Wednesday, June 26, 2019

The Cariboo Wagon Road by A.M.Westerling

During the early days of the Cariboo Gold Rush in British Columbia, getting there presented a serious challenge to the miners as Barkerville was located 400 miles north and east of Yale. Thick underbrush clogged the mountainous route and some of the mountain passes still had five feet of snow in April. Parts of the journey north were extremely dangerous and horses and their owners would often fall to their deaths over the mountains or drown in the swift and deep waters of the Fraser and Thompson Rivers.

However, the success of the gold fields and the great influx of people made it necessary to improve access. The governor at that time, Governor James Douglas, determined that a safe road was required and the Royal Engineers were engaged for the task. In October of 1861, Colonel Richard Clement Moody recommended that the Yale to Barkerville route through the Fraser Canyon be built for the benefit of the country. The Royal Engineers assessed the route and suggested it be built in sections: Yale to Spuzzum, Spuzzum to Lytton, Lytton to the Lilooet Junction, Lilloet to Fort Alexandria, and Quesnel to Barkerville.

When it was completed, some people called it the "Eight Wonder of the World."

While doing research for the book, my sweetie and I took a bit of a road trip through the Fraser Canyon. You can still see a portion of the original road in the Skihist Campground, just outside of Lytton on the Trans Canada Highway. 

We followed the highway all the way through the Fraser Canyon and stopped to take these photos at the summit of Jackass Mountain. Far below you see the Fraser River.

Rose and Harrison meet on the final section of the road between Quesnel to Barkerville. It was a particularly difficult section to construct because of mud, swamp and fallen trees.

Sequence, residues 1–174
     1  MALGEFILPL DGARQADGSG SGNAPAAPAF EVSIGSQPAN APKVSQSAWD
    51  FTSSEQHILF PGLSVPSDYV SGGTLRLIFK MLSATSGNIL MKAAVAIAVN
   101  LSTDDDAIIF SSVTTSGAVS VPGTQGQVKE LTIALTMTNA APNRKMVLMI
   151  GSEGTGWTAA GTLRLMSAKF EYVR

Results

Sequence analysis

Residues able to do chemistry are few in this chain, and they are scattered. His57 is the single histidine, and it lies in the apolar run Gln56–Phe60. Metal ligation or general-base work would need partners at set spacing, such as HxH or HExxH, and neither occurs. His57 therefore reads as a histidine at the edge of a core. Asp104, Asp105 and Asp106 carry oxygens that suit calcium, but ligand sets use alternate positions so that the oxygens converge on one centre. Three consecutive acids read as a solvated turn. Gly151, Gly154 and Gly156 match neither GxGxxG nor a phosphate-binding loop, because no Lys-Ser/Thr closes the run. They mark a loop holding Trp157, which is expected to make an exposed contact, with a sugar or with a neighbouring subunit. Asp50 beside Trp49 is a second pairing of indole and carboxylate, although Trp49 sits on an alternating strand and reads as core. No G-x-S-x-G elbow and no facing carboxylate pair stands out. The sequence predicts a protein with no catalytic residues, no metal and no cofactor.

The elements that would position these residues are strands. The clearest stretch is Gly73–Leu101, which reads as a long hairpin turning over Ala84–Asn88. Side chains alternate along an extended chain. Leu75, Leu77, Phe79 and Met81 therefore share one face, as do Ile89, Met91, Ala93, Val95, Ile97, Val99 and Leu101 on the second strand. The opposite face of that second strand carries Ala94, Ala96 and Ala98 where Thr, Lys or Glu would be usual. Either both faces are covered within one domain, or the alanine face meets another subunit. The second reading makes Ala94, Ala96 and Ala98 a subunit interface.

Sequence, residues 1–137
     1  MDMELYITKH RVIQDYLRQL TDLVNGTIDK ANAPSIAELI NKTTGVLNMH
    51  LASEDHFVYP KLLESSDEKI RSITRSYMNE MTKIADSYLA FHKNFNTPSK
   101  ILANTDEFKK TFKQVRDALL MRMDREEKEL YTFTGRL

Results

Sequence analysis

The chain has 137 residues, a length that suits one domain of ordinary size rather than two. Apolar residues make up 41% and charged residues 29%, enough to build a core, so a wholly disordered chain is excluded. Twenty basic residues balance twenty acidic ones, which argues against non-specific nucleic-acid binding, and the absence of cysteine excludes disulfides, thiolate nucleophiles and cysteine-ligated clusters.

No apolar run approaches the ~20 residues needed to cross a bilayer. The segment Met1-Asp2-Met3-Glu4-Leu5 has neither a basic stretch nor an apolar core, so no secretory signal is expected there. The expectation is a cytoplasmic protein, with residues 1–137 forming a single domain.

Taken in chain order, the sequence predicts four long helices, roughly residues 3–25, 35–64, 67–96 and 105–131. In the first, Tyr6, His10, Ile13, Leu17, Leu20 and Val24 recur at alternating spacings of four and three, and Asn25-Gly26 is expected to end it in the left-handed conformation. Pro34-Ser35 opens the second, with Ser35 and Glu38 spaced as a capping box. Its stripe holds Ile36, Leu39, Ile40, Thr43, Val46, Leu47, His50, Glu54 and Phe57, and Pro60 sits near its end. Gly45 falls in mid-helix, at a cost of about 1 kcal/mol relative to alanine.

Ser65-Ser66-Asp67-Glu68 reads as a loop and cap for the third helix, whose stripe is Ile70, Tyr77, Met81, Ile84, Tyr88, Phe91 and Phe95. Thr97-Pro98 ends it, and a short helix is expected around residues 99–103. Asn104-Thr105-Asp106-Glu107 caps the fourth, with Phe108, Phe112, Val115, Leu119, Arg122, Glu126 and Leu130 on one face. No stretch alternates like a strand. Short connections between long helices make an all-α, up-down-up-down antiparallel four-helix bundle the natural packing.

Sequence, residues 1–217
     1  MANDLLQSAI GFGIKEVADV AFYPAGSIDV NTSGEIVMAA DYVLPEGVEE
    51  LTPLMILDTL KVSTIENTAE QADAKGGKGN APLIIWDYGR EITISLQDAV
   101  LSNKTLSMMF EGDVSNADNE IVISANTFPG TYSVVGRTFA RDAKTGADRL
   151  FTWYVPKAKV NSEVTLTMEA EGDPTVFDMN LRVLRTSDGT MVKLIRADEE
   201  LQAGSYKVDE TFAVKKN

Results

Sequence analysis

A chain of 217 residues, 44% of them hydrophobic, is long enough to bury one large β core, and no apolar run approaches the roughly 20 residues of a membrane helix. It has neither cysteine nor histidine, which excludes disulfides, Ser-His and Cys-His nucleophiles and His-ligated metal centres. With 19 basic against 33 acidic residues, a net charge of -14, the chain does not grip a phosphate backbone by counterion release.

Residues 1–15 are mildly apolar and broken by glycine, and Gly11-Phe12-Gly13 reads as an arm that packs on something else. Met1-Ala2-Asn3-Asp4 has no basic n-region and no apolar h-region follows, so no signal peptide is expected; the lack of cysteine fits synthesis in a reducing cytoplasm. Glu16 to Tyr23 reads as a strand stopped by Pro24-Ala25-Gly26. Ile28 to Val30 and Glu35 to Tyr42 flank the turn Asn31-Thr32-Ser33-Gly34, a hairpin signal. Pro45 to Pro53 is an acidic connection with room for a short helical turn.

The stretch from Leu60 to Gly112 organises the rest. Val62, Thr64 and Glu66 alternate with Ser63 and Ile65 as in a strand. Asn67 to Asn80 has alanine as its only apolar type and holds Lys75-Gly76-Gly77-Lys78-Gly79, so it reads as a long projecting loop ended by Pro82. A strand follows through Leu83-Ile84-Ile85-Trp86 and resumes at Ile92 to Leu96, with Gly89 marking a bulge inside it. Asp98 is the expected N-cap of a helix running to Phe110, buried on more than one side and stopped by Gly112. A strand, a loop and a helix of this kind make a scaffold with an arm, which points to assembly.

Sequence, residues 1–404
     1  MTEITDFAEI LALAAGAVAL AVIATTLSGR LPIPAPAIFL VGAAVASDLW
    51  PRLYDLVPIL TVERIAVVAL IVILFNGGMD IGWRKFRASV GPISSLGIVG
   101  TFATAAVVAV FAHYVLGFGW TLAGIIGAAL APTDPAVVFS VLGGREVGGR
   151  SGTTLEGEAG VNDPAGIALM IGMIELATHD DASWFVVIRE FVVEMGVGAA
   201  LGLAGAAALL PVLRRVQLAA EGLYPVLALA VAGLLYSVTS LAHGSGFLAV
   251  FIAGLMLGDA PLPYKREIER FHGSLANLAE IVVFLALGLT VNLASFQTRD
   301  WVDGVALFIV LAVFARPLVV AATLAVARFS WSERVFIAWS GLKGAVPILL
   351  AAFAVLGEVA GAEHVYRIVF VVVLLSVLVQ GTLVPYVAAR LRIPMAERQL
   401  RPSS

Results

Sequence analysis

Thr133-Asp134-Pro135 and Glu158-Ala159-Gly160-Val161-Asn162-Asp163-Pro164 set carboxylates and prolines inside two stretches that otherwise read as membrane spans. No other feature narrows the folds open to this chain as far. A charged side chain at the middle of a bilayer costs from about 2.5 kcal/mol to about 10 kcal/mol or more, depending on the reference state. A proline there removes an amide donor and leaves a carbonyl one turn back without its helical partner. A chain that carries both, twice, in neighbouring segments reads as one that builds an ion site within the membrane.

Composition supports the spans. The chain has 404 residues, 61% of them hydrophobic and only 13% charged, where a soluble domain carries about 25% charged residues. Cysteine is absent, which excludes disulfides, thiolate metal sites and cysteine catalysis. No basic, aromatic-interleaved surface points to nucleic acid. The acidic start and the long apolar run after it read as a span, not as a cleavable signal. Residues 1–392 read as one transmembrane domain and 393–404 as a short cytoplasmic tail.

For more information on the Cariboo Gold Rush, this is a wonderful website:  

You can read all about Rose and Harrison's gold rush adventures in Barkerville Beginnings, available at your favourite online store HERE

Sunday, June 23, 2019

Caribou & Men

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The aboriginal people of NWT were hunter/gatherers when the European colonists "discovered" them. The 1st Nations were already on the land, and many said that Creator had shaped men from the mud that was found between the caribou's toes.  In those days, men and animals journeyed through an immense landscape every year, following the caribou that fed and clothed them. Every bit of what they killed was used, every scrap of sinew and hide and meat.

The great herds moved unobstructed across the land like water and wind. The people followed. They original inhabitants didn't kill for "fun;" they killed by necessity. Sometimes, when the game traveled on new path or their numbers declined (for one reason or another) the people starved. In the old days, the human population cycled up and down along with that population of prey animals.

The Woodland Caribou is a kind of specialist, different from the Barren Ground Caribou--the one you see on long harrowing journeys if you watch wildlife shows. The Woodland Caribou live and feed in old growth conifer forests where lichens and mosses grow. Trees of 85 to 150 years of age are the perfect hosts for the aerial and ground plant life on which these caribou depend. This means that undisturbed old growth forests are of prime importance to their survival.

Mining exploration had been going on in the NWT since earliest times, ("Yellowknife" refers to the gold blades some members of that tribe once made) but it wasn't until the 1990's that the digging began in earnest now with heavy loud modern machinery. The data shows it is not coincidental that this is the time when the numbers of the Woodland Caribou began to diminish. Mining didn't begin in earnest until the 1990's. It is not coincidental that this is the time when the numbers of the caribou began to diminish.

Toxic waste is a typical by-product of mining; moreover, that industry does not have a good record of cleaning up after itself anywhere, but logging at first seems to have been the hardest on the caribou. Not only noise, dust and continuous human activity, but the clear-cutting of the ancient forests--both the soil disruption and the removal of the trees -- cut severely into the supply of lichens and mosses, (some aerial, some ground dwelling) upon which the woodland caribou depend.